Ukraine, Russia and the World:
Five Questions to Three Authors
Tlaxcala asked three authors — Dmitry Orlov, The Saker and Pepe Escobar — who have been accurately following the situation in and around Ukraine, five questions. Here are their answers. Tlaxcala doesn't share all their views but find them interesting enough to be shared.
1) Do you believe US (Obama) is using Ukraine to take revenge for Syria and make the EU "unfit for fight"? What would their strategic goals be?
Dmitry Orlov: Obama's goal was to stage a coup d'état to replace the Ukrainian government with a puppet regime. In this he has succeeded. But I doubt that his strategies go beyond that.
The Saker: The current crisis has been entirely the creation of the USA and to a lesser degree of the EU. The USA is locked in a Cold-War type mentality illustrated by the following two quotes. One by Hillary Clinton “There is a move to re-Sovietise the region ... It’s not going to be called that. It’s going to be called a customs union, it will be called Eurasian Union and all of that ... But let’s make no mistake about it. We know what the goal is and we are trying to figure out effective ways to slow down or prevent it” (source), and one by Zbigniew Brzezinski [as reported by Dmitry Minin]: “without Ukraine Russia ceases to be empire, while with Ukraine — bought off first and subdued afterwards, it automatically turns into empire ... According to [Brzezinski], the new world order under the hegemony of the United States is created against Russia and on the fragments of Russia. Ukraine is the Western outpost to prevent the recreation of the Soviet Union” (source). Thus the USA is not trying to “get” the Ukraine for NATO or for any other purpose, what they want is to deny the Ukraine to Russia in a hope of preventing the latter from becoming a new Soviet Empire. This is thus a pure zero-sum game – any Russian loss is, by definition, a success for the USA. The fact that Russia is already a superpower capable of stopping the USA (as shown in the Syrian crisis) or the fact that Russia has no desire to become another Soviet Union or even any other kind of empire (empires are costly and the Russians have no desire to become another USSR) makes no difference: the US plutocracy believes this [that Russia wants to become a new Soviet Empire] and acts on this belief. Furthermore, the US elites have been humiliated in the Syrian crisis and they now want to show Russia and the rest of the world “who is boss”. Finally, add to this the influence of some very powerful ethnic lobbies who all share a common hatred for Russia (Jewish, Ukrainian, Polish) and you will get a policy whose sole aim is to make things as bad for Russia as possible. This is nothing new. During the war in Afghanistan the USA was willing to fully back the worst types of Wahabi terrorists only to hurt the USSR. Now the USA is giving its support to violent neo-Fascist nationalists. The sole condition for any terrorist group, no matter how evil and crazy, to get money from the CIA and its affiliates is to hate Russia. The wars in Croatia, Bosnia and Kosovo had no other purpose than “stick it to the Russians”. And if we look closer at the core of this maniacal hatred of the US elites for Russia we find that very little has changed in the West since the Middle Ages: the Western elites have always hated Russia for being Orthodox and for refusing to be conquered.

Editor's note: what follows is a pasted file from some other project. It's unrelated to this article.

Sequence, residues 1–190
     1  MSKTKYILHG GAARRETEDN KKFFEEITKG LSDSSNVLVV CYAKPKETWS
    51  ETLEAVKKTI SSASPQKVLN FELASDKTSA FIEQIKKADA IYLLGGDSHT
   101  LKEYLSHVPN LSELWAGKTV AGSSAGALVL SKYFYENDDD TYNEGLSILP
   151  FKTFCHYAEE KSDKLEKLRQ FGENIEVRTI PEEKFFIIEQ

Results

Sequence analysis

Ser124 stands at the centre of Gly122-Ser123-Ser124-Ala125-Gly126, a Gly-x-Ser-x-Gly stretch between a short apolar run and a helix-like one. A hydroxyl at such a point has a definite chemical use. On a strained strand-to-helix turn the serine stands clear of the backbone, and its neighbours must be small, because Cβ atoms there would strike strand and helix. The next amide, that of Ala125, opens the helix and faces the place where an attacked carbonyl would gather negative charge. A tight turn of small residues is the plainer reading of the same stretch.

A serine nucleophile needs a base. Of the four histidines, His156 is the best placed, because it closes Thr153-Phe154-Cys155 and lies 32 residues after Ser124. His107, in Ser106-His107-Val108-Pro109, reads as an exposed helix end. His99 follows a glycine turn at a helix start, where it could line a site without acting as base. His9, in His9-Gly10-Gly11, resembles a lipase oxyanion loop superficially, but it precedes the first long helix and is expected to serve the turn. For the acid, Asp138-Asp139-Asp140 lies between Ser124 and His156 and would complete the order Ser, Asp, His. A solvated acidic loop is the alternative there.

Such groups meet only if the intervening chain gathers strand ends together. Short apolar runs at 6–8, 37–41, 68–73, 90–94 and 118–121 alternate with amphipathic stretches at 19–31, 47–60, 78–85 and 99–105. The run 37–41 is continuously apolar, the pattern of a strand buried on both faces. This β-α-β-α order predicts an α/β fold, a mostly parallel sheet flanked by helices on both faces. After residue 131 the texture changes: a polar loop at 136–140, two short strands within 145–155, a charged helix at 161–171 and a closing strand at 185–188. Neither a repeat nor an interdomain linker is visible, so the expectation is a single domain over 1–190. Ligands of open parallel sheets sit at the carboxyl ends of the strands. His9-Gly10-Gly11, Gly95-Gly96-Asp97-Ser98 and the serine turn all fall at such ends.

Pepe Escobar: Ukraine is definitely the Obama Administration's warped revenge playbook for not being allowed to bomb Syria (it was in fact saved from it, plus the horrible consequences, by Moscow). The only things that matter for Washington in Ukraine, in this order, are: (1) NATO bases. (2) Pipelineistan: US Big Oil controlling still unexplored oil and gas wealth. (3) US agro-business taking over fertile Ukrainian lands. The EU does not need and does not want Ukraine, because it would need to save it from bankruptcy with funds it does not have (moreover, the operation would further enrage millions of already destitute Europeans.)
2) What do you believe is Russia's (Putin's) strategic goal and the tactics to reach it?
Dmitry Orlov: Prevent further EU/NATO encroachment; guarantee the rights of Russian-speakers in what has for centuries been Russian territory; uphold international rule of law. Possibly avenge NATO actions against Serbia in Kosovo.